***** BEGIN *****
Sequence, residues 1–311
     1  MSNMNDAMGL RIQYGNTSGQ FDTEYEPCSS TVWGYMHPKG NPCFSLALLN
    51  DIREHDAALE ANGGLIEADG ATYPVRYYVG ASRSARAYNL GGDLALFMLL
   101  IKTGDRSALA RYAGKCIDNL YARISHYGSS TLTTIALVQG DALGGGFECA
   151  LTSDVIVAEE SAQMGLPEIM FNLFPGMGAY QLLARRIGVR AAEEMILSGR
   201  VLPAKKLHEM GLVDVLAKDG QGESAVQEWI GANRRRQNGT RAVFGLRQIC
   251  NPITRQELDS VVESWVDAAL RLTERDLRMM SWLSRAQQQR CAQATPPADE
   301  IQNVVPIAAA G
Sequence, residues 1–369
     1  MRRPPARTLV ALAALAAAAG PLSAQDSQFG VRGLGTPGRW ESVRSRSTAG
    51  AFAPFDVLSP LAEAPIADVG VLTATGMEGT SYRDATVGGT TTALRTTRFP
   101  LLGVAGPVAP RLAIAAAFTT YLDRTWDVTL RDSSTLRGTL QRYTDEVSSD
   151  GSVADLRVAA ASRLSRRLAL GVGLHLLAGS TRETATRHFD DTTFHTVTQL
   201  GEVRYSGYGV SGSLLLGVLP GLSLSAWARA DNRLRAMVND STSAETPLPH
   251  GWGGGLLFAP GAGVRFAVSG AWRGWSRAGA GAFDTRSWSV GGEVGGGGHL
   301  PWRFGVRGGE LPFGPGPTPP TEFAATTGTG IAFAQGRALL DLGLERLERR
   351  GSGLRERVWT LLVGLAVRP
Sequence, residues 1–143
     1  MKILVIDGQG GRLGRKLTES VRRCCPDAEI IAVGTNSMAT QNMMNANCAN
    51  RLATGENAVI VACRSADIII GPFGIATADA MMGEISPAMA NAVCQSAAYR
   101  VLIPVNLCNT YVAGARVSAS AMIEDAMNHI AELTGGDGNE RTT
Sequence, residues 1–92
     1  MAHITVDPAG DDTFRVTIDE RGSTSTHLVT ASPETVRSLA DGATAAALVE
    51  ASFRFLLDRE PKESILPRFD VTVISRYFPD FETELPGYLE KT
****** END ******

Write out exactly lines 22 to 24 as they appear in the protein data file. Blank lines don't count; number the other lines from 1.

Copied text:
Sequence, residues 1–92
     1  MAHITVDPAG DDTFRVTIDE RGSTSTHLVT ASPETVRSLA DGATAAALVE
    51  ASFRFLLDRE PKESILPRFD VTVISRYFPD FETELPGYLE KT